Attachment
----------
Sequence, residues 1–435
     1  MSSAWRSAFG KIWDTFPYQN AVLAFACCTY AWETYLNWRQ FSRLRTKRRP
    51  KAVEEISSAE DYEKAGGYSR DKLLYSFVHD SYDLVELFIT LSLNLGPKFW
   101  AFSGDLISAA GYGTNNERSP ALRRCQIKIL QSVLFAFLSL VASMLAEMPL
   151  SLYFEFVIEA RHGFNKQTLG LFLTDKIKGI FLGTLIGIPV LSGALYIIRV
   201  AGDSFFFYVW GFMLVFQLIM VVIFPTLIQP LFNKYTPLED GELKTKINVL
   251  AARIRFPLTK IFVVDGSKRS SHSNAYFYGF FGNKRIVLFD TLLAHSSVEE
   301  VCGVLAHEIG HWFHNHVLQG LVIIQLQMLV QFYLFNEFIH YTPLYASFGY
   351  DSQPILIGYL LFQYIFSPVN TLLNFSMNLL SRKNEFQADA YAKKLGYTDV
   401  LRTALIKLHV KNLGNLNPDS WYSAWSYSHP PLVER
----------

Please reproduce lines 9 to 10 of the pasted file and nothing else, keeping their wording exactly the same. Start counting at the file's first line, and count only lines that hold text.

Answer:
   351  DSQPILIGYL LFQYIFSPVN TLLNFSMNLL SRKNEFQADA YAKKLGYTDV
   401  LRTALIKLHV KNLGNLNPDS WYSAWSYSHP PLVER